At an estimated $16.2 trillion GDP (2013), the U.S. is the world’s largest economy and home to some of the most advanced, innovative and productive companies globally. So why has the U.S. lost more than 25 percent of its high-tech manufacturing jobs to lower, labor-cost countries such as China, who currently sits at a comfortable No. 2 position?
There is no denying that the U.S. lost some competitive edge. There has been such a momentum around outsourcing and offshoring to these low-labor cost (LLC) countries—particularly Asia—that our loss became their gain. However, the combination of increasing consumer pressures on pricing—especially during a time of prolonged economic uncertainty—along with foreign country/regional incentives, tax rates and relaxed regulatory pressures alongside these low wages made these destinations an attractive option for some companies. It became exceptionally attractive when coupled with a growing Asia-based demand. We, however, do see some ‘shift in the tide’ as evidenced by some companies who decided to pull some manufacturing and move it back within region.
Examination of market drivers
There are macro-level elements that will drive some companies to more fully consider the impact of their outsourcing and offshoring decisions. For example, China witnessed a tremendous rise in labor costs in the last few years supported by its burgeoning economy. Oil prices remain consistently high, adding pressure to the cost of transportation, along with some strained capacity for certain modal routes between Asia and their Western export markets. Asia has also unfortunately not been immune to its share of natural disasters, such as the floods in Thailand and the tsunami in Japan, which raised concerns among U.S. finished-goods manufacturers about their dependency on long supply chains. Even the economic fragility surrounding the Euro-crisis and its impact on the dollar can have impacts to company’s supply chain network design decisions.
There is no doubt that Asia will remain a strong and formidable manufacturing engine to serve the needs of American consumers. However, there is evidence that companies are more frequently doing an increased level of due diligence when considering their overall supply chain design. And in doing so, some companies are reversing previous decisions and are making a move towards “profitable proximity.” This simply means that companies further need to understand their entire cost-to-serve model to better determine if a more local option, e.g. near-shoring, might provide a more sustainable supply chain model that provides better economic, service and ecologically advantages to an Asia-based option. For higher-end, more value-added products with rapid innovation cycles, this could definitely be a better solution for some OEM’s.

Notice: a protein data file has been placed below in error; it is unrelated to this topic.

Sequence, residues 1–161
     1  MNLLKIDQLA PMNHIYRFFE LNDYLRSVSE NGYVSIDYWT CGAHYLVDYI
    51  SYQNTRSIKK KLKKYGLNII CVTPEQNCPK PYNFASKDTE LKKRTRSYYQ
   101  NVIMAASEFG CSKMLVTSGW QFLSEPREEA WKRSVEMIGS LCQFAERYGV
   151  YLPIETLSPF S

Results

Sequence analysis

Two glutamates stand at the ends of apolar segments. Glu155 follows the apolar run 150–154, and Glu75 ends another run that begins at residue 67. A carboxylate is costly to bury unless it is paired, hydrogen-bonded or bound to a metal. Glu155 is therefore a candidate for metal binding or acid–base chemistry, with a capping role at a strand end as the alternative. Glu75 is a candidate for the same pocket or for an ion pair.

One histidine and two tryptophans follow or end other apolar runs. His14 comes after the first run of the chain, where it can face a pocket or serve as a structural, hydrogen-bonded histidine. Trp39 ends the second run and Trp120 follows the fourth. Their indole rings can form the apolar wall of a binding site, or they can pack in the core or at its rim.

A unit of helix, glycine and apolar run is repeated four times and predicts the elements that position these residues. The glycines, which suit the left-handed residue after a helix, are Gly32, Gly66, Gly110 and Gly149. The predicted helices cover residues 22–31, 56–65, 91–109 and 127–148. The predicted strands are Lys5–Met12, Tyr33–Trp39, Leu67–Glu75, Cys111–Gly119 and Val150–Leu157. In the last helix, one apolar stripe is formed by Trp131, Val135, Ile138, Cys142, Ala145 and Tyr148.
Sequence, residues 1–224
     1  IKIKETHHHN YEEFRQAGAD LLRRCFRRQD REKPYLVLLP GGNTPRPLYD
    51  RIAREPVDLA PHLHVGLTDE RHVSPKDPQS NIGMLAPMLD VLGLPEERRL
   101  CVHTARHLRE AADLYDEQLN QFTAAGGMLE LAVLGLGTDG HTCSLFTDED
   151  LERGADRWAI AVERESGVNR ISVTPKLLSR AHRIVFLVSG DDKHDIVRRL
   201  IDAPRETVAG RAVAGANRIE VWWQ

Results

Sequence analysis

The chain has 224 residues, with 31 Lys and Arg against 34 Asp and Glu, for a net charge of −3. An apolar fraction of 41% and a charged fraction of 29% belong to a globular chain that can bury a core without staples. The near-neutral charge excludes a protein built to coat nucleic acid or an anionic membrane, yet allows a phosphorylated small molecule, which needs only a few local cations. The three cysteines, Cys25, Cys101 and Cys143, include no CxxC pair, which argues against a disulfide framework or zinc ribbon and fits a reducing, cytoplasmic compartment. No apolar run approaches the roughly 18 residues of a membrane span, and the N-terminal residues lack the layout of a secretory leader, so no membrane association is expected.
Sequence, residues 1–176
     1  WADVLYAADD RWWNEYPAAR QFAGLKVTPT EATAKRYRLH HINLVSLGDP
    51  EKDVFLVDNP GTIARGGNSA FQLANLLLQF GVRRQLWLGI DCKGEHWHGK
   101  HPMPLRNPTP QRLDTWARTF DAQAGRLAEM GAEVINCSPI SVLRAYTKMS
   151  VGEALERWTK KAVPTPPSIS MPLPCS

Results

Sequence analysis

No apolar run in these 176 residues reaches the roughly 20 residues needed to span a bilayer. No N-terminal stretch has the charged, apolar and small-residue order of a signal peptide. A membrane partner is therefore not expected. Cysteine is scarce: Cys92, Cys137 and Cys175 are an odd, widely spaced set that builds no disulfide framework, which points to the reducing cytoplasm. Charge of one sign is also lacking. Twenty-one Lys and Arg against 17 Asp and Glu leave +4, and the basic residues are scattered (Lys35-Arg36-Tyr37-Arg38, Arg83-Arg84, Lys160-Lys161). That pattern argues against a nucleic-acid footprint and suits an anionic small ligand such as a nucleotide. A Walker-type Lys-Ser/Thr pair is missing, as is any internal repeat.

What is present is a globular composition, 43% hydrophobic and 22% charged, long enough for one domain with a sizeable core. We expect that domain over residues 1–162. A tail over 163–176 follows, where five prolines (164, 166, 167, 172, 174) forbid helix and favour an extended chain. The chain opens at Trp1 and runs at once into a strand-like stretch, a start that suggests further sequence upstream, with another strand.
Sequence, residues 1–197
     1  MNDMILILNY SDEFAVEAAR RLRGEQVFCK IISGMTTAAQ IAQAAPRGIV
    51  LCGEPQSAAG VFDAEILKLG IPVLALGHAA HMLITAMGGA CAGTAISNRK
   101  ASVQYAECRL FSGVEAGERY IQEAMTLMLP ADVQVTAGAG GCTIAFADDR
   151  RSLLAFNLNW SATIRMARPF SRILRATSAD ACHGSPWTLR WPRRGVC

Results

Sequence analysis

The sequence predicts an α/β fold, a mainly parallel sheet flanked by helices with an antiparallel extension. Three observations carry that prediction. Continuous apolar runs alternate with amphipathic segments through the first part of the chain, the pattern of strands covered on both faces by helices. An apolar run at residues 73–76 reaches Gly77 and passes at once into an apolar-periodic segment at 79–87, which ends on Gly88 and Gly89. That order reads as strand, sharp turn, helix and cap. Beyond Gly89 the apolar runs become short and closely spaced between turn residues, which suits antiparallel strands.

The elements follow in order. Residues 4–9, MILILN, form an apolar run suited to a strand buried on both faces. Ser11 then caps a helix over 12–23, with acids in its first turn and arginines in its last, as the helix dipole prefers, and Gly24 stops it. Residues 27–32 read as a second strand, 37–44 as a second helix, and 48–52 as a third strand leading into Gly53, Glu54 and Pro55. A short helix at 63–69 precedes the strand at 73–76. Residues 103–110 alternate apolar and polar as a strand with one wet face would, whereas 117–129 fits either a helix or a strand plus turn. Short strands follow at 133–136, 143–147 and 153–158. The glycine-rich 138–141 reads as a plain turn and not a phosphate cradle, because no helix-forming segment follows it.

According to an April 2012 survey of American manufacturing companies by the Boston Consulting Group (BCG), 37 percent of those with annual sales above $1 billion said they were planning or actively considering shifting production facilities from China to America. Of the very biggest firms, with sales above $10 billion, 48 percent came out as “reshorers.” Further evidence presented through a separate 2012 study by the Hackett Group reported that “offshoring of manufacturing is now rapidly moving towards equilibrium (zero net offshoring).”
In January 2013, Gartner reported that “the ‘one-size-fits-all’ approach to offshoring, near shoring and reshoring is simply misguided. Just as it was unwise to offshore manufacturing and product supply in the 1990’s and 2000’s, basing a decision to reshore or near shore based on a few examples being brandished around today would simply be foolish. Supply chain leaders of today need to look past the hype and zero in on the facts.”